# Constructing a truth table from a giving statement

• Jan 21st 2010, 07:39 PM
ipatch
Constructing a truth table from a giving statement
Hello, I am currently trying to construct a truth table for the giving statement. p v ¬ q

I am not sure how to format it in this post but this is what I have so far.

p q | p v ¬ q

T T | F
F T | F
T F | T
F F | F

The "T" means true and the "F" means False.

Is this truth table correct or am I entirely wrong?

cheers.
• Jan 21st 2010, 07:44 PM
VonNemo19
Quote:

Originally Posted by ipatch
Hello, I am currently trying to construct a truth table for the giving statement. p v ¬ q

I am not sure how to format it in this post but this is what I have so far.

p q | p v ¬ q How come there is no operator between pq ? do you mean that both p and q are true? Or what? and what do mean by |? Can you try to put forth the argument in english?

T T | F
F T | F
T F | T
F F | F

The "T" means true and the "F" means False.

Is this truth table correct or am I entirely wrong?

cheers.

.
• Jan 21st 2010, 07:49 PM
ipatch
Problem
All the problem in the text says is "construct a truth table for the given statement.

"p v ¬ q" This is is the statement it gives me, and it wants a truth

table from it.
• Jan 21st 2010, 07:59 PM
VonNemo19
Quote:

Originally Posted by ipatch
All the problem in the text says is "construct a truth table for the given statement.

"p v ¬ q" This is is the statement it gives me, and it wants a truth

table from it.

So the excercise is to see when the weddge holds true. Note that when we have $n$ simple statements (in this case we have 2: $p$ and $q$) that the number of lines that are necessary in the truth table are $L=2^n$. Also note that the $\neg$ reverses the truth value. So,

$p\vee\neg{q}$

$TTFT$
$TTTF$
$FFFT$
$FTTF$
• Jan 22nd 2010, 01:05 AM
emakarov
I understand the OP's approach, but I am not sure I understand VonNemo's remarks. The truth table for $p\lor\neg q$ must indeed have the following form:

Code:

p q | p \/ (not q) ----+------------- T T |  ? F T |  ? T F |  ? F F |  ? 
(Though I prefer the following order of the first two columns going down: F F, F T, T F, T T. If T is replaced by 1 and F by 0, we get 00, 01, 10, 11, which in binary notation means 0, 1, 2, 3. Following this systems helps prevent missing or repeated rows.)

However, the OP's truth values in the last column are incorrect. For example, when p = T and q = T, $p\lor\neg q$ is T because disjunction is true if at least one of the arguments (in this case, p) is true.
• Jan 22nd 2010, 07:05 AM
ipatch
Quote:

Originally Posted by VonNemo19
So the excercise is to see when the weddge holds true. Note that when we have $n$ simple statements (in this case we have 2: $p$ and $q$) that the number of lines that are necessary in the truth table are $L=2^n$. Also note that the $\neg$ reverses the truth value. So,

$p\vee\neg{q}$

$TTFT$
$TTTF$
$FFFT$
$FTTF$

I get what your saying about the ¬ representing negation in all, but I just realized today that there are going to be four columns setup for this statement.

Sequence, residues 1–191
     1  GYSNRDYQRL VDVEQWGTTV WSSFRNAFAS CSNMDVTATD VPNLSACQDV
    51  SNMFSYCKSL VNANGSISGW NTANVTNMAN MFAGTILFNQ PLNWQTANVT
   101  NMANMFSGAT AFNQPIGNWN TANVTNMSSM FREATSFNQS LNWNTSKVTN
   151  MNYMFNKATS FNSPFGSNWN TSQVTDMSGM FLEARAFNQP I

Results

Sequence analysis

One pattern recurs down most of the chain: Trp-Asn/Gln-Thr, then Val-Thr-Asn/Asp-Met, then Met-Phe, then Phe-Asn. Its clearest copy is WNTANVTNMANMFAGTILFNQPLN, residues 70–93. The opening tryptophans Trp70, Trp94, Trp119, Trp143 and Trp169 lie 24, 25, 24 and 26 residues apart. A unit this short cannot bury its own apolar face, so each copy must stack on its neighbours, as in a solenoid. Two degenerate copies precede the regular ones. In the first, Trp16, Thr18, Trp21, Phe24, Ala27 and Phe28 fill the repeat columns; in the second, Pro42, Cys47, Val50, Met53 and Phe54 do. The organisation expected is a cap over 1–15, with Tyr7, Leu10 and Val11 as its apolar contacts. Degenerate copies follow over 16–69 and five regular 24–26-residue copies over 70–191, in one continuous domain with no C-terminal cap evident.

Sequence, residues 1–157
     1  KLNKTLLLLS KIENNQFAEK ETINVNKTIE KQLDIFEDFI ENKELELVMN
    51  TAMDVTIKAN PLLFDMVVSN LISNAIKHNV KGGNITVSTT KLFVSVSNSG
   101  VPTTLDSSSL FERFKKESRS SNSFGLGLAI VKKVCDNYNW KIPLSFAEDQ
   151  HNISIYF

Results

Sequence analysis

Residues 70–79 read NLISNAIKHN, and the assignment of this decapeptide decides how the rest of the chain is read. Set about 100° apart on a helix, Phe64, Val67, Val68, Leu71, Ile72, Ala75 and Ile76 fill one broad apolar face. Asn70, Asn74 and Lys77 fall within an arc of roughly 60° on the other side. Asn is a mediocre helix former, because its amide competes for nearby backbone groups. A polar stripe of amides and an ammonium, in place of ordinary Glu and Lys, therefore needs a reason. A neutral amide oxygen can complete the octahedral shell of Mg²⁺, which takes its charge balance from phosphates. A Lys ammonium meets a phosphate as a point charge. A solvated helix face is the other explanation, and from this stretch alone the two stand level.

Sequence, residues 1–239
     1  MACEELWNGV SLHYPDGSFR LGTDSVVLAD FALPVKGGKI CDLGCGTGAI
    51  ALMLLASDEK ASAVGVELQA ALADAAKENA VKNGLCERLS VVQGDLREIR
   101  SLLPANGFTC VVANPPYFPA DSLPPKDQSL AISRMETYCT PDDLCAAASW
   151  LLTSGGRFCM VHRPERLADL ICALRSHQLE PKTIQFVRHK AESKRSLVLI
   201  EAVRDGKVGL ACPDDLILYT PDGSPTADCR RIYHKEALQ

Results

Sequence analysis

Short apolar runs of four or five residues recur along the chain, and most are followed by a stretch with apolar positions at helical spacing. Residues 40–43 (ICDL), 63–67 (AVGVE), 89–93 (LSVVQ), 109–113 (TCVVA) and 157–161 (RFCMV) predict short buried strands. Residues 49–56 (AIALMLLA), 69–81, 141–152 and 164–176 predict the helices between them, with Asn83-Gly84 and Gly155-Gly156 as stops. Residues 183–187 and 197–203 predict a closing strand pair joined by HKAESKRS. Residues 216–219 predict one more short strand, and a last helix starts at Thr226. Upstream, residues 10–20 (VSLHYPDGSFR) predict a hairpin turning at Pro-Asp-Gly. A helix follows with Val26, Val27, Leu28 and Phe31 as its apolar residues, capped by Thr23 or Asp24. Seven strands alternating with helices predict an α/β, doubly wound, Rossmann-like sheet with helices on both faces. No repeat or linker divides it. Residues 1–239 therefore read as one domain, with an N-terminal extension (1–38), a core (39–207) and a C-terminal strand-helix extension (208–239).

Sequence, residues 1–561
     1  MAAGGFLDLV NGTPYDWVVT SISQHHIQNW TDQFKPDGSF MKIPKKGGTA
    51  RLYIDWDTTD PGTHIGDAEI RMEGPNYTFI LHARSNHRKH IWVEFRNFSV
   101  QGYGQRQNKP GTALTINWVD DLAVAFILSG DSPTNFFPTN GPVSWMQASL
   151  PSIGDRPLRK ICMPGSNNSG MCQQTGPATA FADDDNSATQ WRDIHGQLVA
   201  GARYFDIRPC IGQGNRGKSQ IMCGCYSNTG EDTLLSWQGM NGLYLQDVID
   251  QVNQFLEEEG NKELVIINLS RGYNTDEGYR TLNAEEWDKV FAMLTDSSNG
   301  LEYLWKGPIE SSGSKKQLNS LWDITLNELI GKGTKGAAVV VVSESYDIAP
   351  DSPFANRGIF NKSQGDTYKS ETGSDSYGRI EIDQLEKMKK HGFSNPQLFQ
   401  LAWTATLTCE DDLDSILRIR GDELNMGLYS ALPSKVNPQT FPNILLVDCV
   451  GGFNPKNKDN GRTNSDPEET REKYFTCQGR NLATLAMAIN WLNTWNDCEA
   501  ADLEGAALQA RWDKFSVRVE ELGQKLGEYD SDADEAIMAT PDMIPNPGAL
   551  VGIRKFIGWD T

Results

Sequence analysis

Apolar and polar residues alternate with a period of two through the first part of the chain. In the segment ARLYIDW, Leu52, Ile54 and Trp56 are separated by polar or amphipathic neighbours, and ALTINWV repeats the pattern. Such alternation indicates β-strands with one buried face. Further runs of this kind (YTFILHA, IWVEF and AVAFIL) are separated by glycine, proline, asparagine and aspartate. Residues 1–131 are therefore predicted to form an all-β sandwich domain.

p \/ ¬ q

is going to be setup like this

p q ¬q p \/ ¬ q

T T F T
T F T T
F T F F
F F T T

I believe this is what I put down for the problem.

Also here is a good primer example for the problem stated in the thread.

p \/ q

p q p \/ q

T T T
T F T
F T T
F F F

Basically the "or" ( \/ ) can include either or, and both.

Cheers.
• Jan 22nd 2010, 08:11 AM
Soroban
Hello, ipatch!

Quote:

Construct a truth table for: . $p\: \vee \sim q$

. . $\begin{array}{c|c||ccc}
p & q & p & \vee & \sim q \\ \hline
T & T & T & {\color{red}T} & F \\
F & T & F & {\color{red}F} & F \\\
T & F & T & {\color{red}T} & T \\
F & F & F & {\color{red}T} & T
\end{array}$

• Jan 22nd 2010, 09:27 AM
VonNemo19
Quote:

Originally Posted by emakarov
I understand the OP's approach, but I am not sure I understand VonNemo's remarks. .

What is it that you do not understand?
• Jan 22nd 2010, 10:22 AM
ipatch
Quote:

Originally Posted by Soroban
Hello, ipatch!

. . $\begin{array}{c|c||ccc}
p & q & p & \vee & \sim q \\ \hline
T & T & T & {\color{red}T} & F \\
F & T & F & {\color{red}F} & F \\\
T & F & T & {\color{red}T} & T \\
F & F & F & {\color{red}T} & T
\end{array}$

not sure what you mean by using the ~

i know ¬ means take the negation of a statement.
• Jan 22nd 2010, 10:27 AM
VonNemo19
Quote:

Originally Posted by ipatch
not sure what you mean by using the ~

i know ¬ means take the negation of a statement.

They mean the same thing. Are you OK with how to construct a truth table now, or do you have other questions?
• Jan 22nd 2010, 12:30 PM
ipatch
yeah i am getting better with the truth tables now. thanks for the help.
• Jan 23rd 2010, 07:59 AM
Hello ipatch

You might find these notes that I wrote for Wikibooks useful. There's a step-by-step guide to creating truth tables, with worked examples and exercises with answers. If you have any questions about them, post them on this Forum.

• Jan 23rd 2010, 10:26 AM
HallsofIvy
Quote:

Originally Posted by VonNemo19
What is it that you do not understand?

Quote:

p q | p v ¬ q How come there is no operator between pq ? do you mean that both p and q are true?
after mistaking the p and q heading the first two columns in the truth table for part of the formula.
• Jan 23rd 2010, 10:35 AM
VonNemo19
Quote:

Originally Posted by HallsofIvy
Your remarks after mistaking the p and q heading the first two columns in the truth table for part of the formula.

(Giggle) I don't feel that I made a mistake anywhere. How can asking for clarification be considered as a mistake? The notation in logic varies very much. This is evidenced by post nine.